18. Greg_M

    Greg_M Screenwriter

    Mar 23, 2000
    Likes Received:
    Quote: I love this movie, and I can't wait to buy it, but Ron -- "undisputed greatest musical film ever made"???? I think fans of "Singin' in the Rain" might dispute that.

    I think Fans of "West Side Story" might dispte that!

    As would Oscar
    West Side Story 11 nominations 10 Wins (including Best picture!)

    Singing in the Rain 2 nominations (supporting actress/scoring of a film) 0 wins.

    Never really loved "Singing in the Rain" now I avoid it at all costs (there are many other musical films which are better (um... where the songs were actually written for the film and not just a collection of MGM standards)

    The doc is the reason I'm buying the DVD, the original DVD release was pretty damn good. Wish MGM had included an option to hear Natalie Wood's vocals in the film (Like Fox did with the "My Fair Lady" laserdisc back in 1994)
  19. Jon Robertson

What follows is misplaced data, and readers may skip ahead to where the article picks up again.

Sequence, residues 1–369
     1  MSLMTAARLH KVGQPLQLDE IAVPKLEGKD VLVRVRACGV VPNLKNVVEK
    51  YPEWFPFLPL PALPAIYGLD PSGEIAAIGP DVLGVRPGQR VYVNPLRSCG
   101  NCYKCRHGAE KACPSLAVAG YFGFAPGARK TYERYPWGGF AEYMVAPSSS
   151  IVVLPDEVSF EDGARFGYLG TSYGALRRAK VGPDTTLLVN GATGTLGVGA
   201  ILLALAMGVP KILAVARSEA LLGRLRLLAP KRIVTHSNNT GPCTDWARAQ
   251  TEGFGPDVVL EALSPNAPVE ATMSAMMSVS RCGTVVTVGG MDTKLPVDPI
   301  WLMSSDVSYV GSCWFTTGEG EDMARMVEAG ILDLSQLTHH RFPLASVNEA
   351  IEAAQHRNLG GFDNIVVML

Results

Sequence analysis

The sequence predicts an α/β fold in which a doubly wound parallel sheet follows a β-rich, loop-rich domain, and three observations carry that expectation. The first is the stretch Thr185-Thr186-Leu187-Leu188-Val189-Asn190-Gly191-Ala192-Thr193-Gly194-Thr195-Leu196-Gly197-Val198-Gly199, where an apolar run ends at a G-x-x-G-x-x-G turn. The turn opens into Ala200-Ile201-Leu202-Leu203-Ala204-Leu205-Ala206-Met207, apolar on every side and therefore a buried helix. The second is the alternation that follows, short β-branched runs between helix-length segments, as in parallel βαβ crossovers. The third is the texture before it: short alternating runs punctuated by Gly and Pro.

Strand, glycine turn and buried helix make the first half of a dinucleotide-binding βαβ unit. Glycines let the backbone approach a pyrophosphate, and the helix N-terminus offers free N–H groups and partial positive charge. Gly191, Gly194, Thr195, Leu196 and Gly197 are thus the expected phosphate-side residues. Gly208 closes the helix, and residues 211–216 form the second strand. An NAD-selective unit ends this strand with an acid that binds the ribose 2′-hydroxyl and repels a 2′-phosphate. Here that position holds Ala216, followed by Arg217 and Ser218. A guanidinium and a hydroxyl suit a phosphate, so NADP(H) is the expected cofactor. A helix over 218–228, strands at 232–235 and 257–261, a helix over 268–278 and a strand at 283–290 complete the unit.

Jon Robertson Screenwriter

    May 19, 2001
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  20. Greg_M

    Greg_M Screenwriter

    Mar 23, 2000
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    Yeah, but "Singing in the Rain" wasn't a big box office hit when it was first released (West Side ran for two years and was a high grossing film in 61-62.)

    I know many who did mind the use of the chosen songs in "Moulin Rogue".

    "Singing in the Rain" is really a comedy with musical numbers tucked it (none of the songs progress the story as in WSS) they are all used basically for entertainment value (Which isn't a bad thing, and Gene Kelly isn't really a singer) ans SITR isn't a bad film. It's a great comedy, and it has some of the best dancing ever put on film, I just think (and know many others who feel) it is over rated. WSS is a true original work of art.